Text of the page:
Christian broadcaster Educational Media Foundation has closed on its purchase of FM signal KXOR in Thibodaux, La.
The station, in the past programmed with classic rock, will operate as a noncom educational outlet, part of the K-Love Radio Network, technically a “satellite” of EMF station KLVR(FM) in California under a waiver of the main studio rule.
KXOR is a Class C3 FM station at 106.3; it was bought from My Home Town Media LLC, headed by Jim Anderson, for $525,000; the transaction was announced in March and now has been finalized. The FCC approved the application to assign the license, which included the main studio waiver request, two weeks ago. Media Services Group represented the seller and announced the closing.
The main studio rule itself is under review at the FCC, as RW has reported. EMF’s waiver request in this instance thus makes for timely reading in that it parallels some of the arguments being used more generally by broadcasters who would like that rule thrown out — though in this case, EMF sought the waiver in the narrower context of noncommercial stations with limited funding, citing similar past cases.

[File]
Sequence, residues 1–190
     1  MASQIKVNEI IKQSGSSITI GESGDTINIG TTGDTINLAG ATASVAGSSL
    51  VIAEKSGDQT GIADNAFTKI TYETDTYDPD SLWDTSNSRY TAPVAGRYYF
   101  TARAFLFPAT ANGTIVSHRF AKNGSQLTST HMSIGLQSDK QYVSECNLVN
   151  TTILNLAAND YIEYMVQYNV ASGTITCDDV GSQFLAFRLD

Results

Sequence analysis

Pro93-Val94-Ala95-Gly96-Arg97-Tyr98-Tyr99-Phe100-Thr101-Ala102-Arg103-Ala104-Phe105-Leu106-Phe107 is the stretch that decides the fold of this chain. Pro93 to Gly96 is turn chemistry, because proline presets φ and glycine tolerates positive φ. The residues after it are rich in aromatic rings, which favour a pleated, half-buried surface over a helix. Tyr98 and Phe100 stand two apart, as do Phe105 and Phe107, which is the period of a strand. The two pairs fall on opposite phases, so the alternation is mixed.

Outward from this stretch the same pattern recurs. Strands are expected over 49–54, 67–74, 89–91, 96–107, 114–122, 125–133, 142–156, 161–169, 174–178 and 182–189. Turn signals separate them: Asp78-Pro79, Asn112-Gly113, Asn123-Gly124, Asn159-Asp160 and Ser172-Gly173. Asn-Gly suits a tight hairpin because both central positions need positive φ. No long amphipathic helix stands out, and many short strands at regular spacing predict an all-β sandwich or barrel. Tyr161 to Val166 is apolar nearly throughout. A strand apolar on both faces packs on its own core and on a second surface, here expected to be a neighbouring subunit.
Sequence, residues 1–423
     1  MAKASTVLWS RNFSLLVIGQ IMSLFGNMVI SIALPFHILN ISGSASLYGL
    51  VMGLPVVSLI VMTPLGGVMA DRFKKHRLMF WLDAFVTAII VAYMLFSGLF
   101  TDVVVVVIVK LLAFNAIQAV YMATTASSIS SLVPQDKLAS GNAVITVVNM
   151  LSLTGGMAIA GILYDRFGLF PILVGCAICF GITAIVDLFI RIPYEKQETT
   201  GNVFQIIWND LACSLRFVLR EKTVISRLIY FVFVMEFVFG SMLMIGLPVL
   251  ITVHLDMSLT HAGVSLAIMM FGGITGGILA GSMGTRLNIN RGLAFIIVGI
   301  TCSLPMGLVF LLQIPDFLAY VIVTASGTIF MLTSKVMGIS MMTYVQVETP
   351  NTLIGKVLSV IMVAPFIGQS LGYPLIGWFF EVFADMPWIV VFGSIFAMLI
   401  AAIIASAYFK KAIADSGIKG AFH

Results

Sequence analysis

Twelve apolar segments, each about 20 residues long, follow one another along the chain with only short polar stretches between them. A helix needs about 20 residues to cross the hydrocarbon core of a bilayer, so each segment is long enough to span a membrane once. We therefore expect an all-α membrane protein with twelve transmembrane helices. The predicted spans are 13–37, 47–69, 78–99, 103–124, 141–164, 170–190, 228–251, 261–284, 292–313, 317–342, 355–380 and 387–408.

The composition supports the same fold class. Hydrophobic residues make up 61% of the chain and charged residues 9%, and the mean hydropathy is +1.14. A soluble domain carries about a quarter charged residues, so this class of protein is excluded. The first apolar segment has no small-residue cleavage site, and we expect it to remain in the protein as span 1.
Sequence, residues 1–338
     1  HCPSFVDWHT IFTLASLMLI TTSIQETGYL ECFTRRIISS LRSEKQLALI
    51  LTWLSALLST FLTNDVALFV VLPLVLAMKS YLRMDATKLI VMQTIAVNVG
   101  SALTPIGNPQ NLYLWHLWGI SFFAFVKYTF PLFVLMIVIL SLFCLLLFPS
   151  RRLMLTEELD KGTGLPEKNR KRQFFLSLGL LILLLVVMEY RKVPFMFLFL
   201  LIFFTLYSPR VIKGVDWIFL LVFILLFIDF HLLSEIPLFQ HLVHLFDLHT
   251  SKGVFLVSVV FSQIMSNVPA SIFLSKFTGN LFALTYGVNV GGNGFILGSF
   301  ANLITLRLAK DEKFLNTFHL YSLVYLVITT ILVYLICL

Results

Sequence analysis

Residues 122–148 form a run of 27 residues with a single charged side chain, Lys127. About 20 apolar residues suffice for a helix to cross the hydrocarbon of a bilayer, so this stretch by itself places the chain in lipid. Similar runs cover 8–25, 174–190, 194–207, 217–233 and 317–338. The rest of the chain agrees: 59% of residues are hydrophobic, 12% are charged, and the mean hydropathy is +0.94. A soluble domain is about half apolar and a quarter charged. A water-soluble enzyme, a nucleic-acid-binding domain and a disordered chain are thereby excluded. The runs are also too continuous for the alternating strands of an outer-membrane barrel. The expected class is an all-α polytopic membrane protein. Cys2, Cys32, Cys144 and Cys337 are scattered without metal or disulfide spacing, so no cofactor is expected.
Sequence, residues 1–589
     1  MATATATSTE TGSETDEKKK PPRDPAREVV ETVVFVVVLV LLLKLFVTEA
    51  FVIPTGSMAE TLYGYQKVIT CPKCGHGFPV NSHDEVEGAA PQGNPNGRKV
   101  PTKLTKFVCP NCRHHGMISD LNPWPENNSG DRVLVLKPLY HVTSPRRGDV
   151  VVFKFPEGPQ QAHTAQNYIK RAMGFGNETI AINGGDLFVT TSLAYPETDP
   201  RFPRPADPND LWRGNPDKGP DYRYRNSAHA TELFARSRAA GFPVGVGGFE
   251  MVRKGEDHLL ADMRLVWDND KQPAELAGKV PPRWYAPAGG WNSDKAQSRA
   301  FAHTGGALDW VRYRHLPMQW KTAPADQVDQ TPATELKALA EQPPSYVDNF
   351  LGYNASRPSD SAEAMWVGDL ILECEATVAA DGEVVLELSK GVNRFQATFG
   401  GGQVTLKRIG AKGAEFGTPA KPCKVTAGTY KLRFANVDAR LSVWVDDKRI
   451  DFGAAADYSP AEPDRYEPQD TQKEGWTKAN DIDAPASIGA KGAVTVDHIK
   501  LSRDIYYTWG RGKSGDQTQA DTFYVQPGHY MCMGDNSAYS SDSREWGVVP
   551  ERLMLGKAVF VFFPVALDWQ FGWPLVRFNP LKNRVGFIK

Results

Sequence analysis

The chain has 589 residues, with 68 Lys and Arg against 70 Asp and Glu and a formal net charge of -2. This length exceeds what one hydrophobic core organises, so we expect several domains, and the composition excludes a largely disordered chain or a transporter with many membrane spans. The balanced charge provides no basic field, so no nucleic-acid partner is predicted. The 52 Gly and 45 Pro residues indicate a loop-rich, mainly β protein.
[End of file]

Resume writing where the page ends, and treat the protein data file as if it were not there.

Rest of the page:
“By co-locating KXOR’s main studio with KLVR, Middletown, Calif.,” it told the commission, “EMF will realize valuable economies of scale and cost savings, which are needed to maintain the high quality of K-Love’s noncommercial educational programming. As a listener-supported station, KXOR-FM will face financial constraints. The obligation to maintain separate staffing and studio locations for both KXOR-FM and KLVR will place a serious financial burden on EMF and divert the limited resources [that] are available for K-Love’s programming efforts.”
It said there was ample precedent in past FCC decisions: “In each case, the commission staff determined that the waivers were justified on the basis of the limited funding available to the stations and the increased efficiencies resulting from co-location of studios.”
But to ensure that the station fulfills its obligations to residents of Thibodaux even though the main studio is 1,900 miles away, EMF said it plans to have a local public affairs representative, “who may be a volunteer,” do interviews and surveys of community leaders and other residents at least four times a year. “EMF will then address the recurrent issues, problems and needs of the residents of Thibodaux in K-Love’s news and public affairs programming.” EMF also said it will maintain a toll-free telephone number and public inspection file as required by the rules.
Such language and steps presumably would no longer be necessary if the main studio rule eventually is eliminated by the commission as many broadcasters hope.